Using the Chrome UX Report to look at performance in the field
The Chrome UX Report (informally known as CrUX) is a public dataset of real user experience data on millions of websites. Unlike lab data, CrUX data actually comes from opted-in users in the field.
The Chrome UX Report (informally known as CrUX) is a public dataset of real user experience data on millions of websites. Unlike lab data, CrUX data actually comes from opted-in users in the field. It measures metrics such as first contentful paint (FCP), DOM content loaded (DCL), and first input delay (FID).
The dataset also contains qualitative dimensions about the user experience, for example, the device and connection types, which enables drilling down into user experiences grouped by similar technologies. See the CrUX documentation for the full list of metrics.
Using this data, developers are able to understand the wide distribution of real world user experiences between websites, segments of the web, or the web as a whole. This is a big deal! The Chrome UX Report dataset is the first of its kind to enable web developers to compare their real user performance against the competition and industry.
How to use it
There are three primary ways to extract insights from the Chrome UX Report, ranging in complexity. For quick and easy analysis of website performance, the CrUX Dashboard and PageSpeed Insights are the recommended tools. BigQuery trades some of the simplicity of the analysis for the power of customization and more granular insights.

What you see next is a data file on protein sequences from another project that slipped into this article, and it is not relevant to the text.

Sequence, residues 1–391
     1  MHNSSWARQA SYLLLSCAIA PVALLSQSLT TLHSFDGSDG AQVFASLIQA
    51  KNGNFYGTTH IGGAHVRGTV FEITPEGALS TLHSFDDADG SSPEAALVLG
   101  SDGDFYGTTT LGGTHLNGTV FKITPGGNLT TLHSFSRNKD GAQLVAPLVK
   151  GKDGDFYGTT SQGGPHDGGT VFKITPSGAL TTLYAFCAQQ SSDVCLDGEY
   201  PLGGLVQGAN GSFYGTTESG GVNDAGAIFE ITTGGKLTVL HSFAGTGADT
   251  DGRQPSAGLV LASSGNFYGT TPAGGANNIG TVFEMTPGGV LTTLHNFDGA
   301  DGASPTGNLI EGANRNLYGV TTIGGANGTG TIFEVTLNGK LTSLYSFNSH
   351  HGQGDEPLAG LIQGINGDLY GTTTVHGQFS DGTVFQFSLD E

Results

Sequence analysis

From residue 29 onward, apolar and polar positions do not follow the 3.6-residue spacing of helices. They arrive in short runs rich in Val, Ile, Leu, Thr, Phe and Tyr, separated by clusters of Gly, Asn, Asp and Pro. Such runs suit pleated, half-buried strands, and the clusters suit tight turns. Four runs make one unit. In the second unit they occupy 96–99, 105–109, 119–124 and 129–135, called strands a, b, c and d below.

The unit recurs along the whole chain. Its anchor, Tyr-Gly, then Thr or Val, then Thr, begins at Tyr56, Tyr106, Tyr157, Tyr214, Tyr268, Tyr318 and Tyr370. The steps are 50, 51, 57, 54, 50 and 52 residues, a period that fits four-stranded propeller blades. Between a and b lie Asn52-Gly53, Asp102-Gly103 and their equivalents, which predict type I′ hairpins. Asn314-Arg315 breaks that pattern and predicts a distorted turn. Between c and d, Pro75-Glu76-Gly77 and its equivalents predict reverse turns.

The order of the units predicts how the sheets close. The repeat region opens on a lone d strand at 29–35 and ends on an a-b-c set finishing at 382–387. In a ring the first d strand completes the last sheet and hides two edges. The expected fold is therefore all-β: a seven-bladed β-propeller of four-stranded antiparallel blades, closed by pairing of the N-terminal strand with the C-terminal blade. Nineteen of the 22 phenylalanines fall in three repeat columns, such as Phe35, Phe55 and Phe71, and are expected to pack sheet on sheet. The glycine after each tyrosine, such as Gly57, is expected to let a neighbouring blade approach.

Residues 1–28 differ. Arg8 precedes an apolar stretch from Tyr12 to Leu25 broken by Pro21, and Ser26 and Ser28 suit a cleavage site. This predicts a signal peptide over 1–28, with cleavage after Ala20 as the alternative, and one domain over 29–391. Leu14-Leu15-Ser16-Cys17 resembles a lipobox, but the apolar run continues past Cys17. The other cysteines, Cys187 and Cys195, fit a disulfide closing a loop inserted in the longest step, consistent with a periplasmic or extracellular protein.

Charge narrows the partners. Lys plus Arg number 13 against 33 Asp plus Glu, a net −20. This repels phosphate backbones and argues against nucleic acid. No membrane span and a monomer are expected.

The CrUX Dashboard is a customizable data visualization tool of websites' historical performance built on Data Studio. The data is sourced from the BigQuery dataset and all of the SQL queries are handled for you under the hood. The dashboard shows the distribution of user experiences, as captured by key performance metrics, and how it changes over time. It also shows how the distributions of qualitative metrics like device type and effective connection type change over time. Try the Data Studio Dashboard guide.
PageSpeed Insights (PSI) shows the most recent performance distributions broken down by desktop and mobile users. Performance data is available for individual web pages (in addition to entire origins) and is aggregated for the most recent 30 days of data (as opposed to the previous calendar month on BigQuery). Using this tool is as easy as entering a URL or origin in the search box on the web interface, and the field performance data is displayed alongside prescriptive suggestions to optimize the page. There is also an API available to programmatically get the performance data. Try the PageSpeed Insights guide.
CrUX on BigQuery
The CrUX database on BigQuery, part of the Google Cloud Platform (GCP) with a web and command line interface, hosts the raw data that aggregates key UX performance metrics for top origins on the web. New tables are periodically added to the database covering the previous calendar month. Developers can handcraft queries to mine the dataset for specific insights. BigQuery requires knowledge of SQL and a GCP project with billing enabled to run the queries. This is an especially useful tool for power users who require low-level access to the data to create custom reports, benchmarks, and reports about the state of the web. Try the BigQuery guide.
How to get help
If you need any kind of support, there are a few channels to reach someone who can help. The CrUX Google Group is a public forum for users of the dataset to ask questions and share analyses. There is also a CrUX tag for Stack Overflow if you need programming help with SQL or API access. And finally, @ChromeUXReport is the Twitter account you can follow to ask questions and listen for product announcements.
See it in action
In order to get more acquainted with the available data, walk through step-by-step guides for using BigQuery, Data Studio Dashboard, and PageSpeed Insights: